Monday, May 4, 2009

Are You Watering Your Brain?

We all know we need to drink water every day. The recommended amount to start follows the “8 x 8 rule”—eight 8-oz glasses a day. If you really want to figure it, divide your body weight in half for the number of ounces you need each day. Then divide that by 8 to get the number of 8-oz glasses per day.

But why?

Lots of reasons. You know you need to stay hydrated. To help with food digestion, body function, and to help signal when you’re full, you should drink a glass before each meal. Drinking water before a meal helps with weight loss for this very reason. But, did you know, you need to “water your brain” for optimal mental performance?

The brain is made up of a series of neural connections. These neurons have a space in between called a “synapse,” that’s full of water. When a signal runs along a neuron, it gets to the synapse and releases a chemical called a neuro-transmitter which carries the signal across the water to the next neuron.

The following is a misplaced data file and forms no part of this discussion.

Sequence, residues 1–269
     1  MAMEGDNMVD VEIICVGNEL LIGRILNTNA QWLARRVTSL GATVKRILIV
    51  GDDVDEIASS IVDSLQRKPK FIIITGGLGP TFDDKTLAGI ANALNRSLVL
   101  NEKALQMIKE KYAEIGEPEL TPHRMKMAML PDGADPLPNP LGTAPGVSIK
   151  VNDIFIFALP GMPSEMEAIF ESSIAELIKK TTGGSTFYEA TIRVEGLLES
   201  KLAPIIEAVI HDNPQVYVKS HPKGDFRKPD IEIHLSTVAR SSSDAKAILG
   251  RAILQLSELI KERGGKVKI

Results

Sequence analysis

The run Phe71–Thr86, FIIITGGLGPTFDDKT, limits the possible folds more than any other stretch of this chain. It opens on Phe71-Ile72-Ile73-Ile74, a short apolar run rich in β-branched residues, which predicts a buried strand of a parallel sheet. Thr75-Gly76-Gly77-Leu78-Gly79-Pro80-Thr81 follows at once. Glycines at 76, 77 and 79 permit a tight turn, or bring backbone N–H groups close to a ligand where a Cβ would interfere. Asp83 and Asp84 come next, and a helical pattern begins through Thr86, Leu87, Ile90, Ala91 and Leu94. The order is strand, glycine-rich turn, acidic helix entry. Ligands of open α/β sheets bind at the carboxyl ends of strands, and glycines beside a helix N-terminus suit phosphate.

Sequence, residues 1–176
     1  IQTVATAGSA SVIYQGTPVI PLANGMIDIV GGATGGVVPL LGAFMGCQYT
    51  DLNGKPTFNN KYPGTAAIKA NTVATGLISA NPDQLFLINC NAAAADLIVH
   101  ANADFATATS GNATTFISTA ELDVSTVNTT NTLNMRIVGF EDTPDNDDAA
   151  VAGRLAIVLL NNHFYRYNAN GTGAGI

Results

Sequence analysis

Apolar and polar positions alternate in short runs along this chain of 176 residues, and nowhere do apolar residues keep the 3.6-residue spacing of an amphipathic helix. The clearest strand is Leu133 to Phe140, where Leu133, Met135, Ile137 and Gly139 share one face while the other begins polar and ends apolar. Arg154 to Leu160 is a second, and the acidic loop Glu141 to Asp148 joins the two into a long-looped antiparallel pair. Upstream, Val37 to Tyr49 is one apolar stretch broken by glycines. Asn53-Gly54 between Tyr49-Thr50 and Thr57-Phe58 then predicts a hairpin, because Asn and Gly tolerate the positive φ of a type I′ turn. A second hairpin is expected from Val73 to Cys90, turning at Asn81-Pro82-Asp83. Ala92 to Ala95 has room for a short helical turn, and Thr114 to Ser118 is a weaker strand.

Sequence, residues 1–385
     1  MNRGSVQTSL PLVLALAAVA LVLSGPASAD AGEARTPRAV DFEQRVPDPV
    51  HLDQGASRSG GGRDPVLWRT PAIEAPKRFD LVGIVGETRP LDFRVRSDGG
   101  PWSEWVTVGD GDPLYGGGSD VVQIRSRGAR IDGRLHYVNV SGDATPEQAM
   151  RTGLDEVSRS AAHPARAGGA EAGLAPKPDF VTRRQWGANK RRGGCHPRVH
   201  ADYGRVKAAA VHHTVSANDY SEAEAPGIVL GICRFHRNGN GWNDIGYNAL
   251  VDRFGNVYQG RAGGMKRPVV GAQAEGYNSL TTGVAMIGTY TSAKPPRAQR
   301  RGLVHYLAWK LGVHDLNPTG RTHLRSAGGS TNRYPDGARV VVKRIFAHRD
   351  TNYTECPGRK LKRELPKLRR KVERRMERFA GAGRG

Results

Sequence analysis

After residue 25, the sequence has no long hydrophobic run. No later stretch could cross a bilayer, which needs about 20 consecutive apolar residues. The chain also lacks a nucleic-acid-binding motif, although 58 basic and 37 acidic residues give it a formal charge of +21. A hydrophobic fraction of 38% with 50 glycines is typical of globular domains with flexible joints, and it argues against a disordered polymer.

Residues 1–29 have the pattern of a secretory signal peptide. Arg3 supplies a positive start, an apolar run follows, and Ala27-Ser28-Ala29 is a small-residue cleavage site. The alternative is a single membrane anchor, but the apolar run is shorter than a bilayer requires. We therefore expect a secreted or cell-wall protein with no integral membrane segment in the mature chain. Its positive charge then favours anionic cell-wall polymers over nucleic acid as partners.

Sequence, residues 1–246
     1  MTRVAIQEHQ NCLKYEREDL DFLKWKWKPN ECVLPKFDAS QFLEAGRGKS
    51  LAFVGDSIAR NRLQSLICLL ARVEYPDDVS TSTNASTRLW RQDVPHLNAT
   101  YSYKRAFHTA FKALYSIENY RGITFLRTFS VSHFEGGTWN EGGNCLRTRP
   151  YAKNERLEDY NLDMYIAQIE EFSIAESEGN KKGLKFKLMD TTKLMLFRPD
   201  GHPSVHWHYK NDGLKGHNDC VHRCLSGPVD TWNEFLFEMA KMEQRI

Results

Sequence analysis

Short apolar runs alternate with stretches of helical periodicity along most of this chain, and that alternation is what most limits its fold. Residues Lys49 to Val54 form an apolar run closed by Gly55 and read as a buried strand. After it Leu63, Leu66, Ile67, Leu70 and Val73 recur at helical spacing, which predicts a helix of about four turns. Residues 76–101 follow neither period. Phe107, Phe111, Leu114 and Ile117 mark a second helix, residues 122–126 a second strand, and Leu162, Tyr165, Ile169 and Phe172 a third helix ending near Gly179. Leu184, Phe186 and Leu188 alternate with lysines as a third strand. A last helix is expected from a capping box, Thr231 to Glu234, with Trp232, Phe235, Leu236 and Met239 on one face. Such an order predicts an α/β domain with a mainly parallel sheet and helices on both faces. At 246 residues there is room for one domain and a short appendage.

What happens if there’s no water in that synapse? New research has shown that by the time you become thirsty, the water in your synapse is so dehydrated that the signal has trouble getting through. The result: your brain can’t function as well and your ability to learn, react, and store and retrieve information is significantly reduced.

So, water your brain for optimal mental performance, and water yourself to keep your body hydrated. At the same time, keep in mind that:

  • The American Journal of Epidemiology reports that those who drink more than 5 glasses of water a day are 41 percent less likely to die from a heart attack than those who drink less than two glasses.
  • Water is used by the body to help flush out toxins and waste products from the body.
  • Drinking a healthy amount of water has been found to reduce the risk of colon cancer by 45 percent. It can also reduce the risk of bladder cancer by 50 percent and potentially reduce the risk of breast cancer.

Now I’ve made myself thirsty. Cheers!

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